The Legacy of Redlining at the Brooklyn Historical Society

A detail from a 1938 Residential Security Map. Image via National Archives and Records Administration, Mapping Inequality

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    Is redlining really in the past?

    In a conversation at the Brooklyn Historical Society, writers, activists and historians will come together in dialogue on discriminatory practices in housing through the past and the present. Delving into the topic will be Richard Rothstein, author of “The Color of Law: A Forgotten History of How Our Government Segregated America,” April de Simone of the Undesign the Redline project, Sarita Daftary-Steel of the East New York Oral History Project and Catherine Green of ARTs East NY. Moderating the conversation will be Kai Wright, host of the WNYC podcasts “There Goes the Neighborhood,” “Indivisible” and “The Stakes.”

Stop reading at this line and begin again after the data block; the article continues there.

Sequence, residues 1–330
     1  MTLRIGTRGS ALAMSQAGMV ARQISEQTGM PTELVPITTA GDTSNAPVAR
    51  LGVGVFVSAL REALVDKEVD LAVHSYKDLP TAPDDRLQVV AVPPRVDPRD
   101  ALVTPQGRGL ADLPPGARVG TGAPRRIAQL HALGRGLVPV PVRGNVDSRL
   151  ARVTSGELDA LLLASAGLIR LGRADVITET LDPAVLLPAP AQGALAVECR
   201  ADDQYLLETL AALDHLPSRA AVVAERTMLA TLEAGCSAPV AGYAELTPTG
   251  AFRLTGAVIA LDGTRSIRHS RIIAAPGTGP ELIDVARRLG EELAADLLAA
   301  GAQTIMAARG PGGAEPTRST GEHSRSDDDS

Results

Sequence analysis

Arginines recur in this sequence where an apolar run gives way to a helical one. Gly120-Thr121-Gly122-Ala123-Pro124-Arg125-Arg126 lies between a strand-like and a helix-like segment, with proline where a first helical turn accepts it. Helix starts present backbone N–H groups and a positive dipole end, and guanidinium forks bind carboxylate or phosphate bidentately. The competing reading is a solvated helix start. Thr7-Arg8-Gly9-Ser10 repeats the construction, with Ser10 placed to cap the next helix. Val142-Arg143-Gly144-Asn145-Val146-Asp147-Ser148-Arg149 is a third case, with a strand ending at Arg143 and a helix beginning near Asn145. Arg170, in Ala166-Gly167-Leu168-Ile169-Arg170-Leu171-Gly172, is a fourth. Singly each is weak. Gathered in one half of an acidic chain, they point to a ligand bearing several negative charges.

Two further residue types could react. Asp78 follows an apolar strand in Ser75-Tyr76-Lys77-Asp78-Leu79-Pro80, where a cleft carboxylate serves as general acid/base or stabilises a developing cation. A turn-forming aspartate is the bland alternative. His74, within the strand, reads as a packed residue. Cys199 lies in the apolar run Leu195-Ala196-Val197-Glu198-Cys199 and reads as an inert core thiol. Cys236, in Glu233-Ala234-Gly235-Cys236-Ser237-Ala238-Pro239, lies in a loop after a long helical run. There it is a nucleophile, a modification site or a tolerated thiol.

The dialogue is just one in the series 400 Years of Inequality: Slavery, Race, and Our Unresolved History. Running through the month of October, the series offers a mix of programming designed to spur conversations and reflection around the legacy of slavery in America.

    The redlining conversation takes place on Wednesday, October 16 at 7 p.m. at BHS, located at 128 Pierrepont Street in Brooklyn Heights. Tickets are $15 for general admission and $10 for members. For more information or to reserve your tickets visit the event page.

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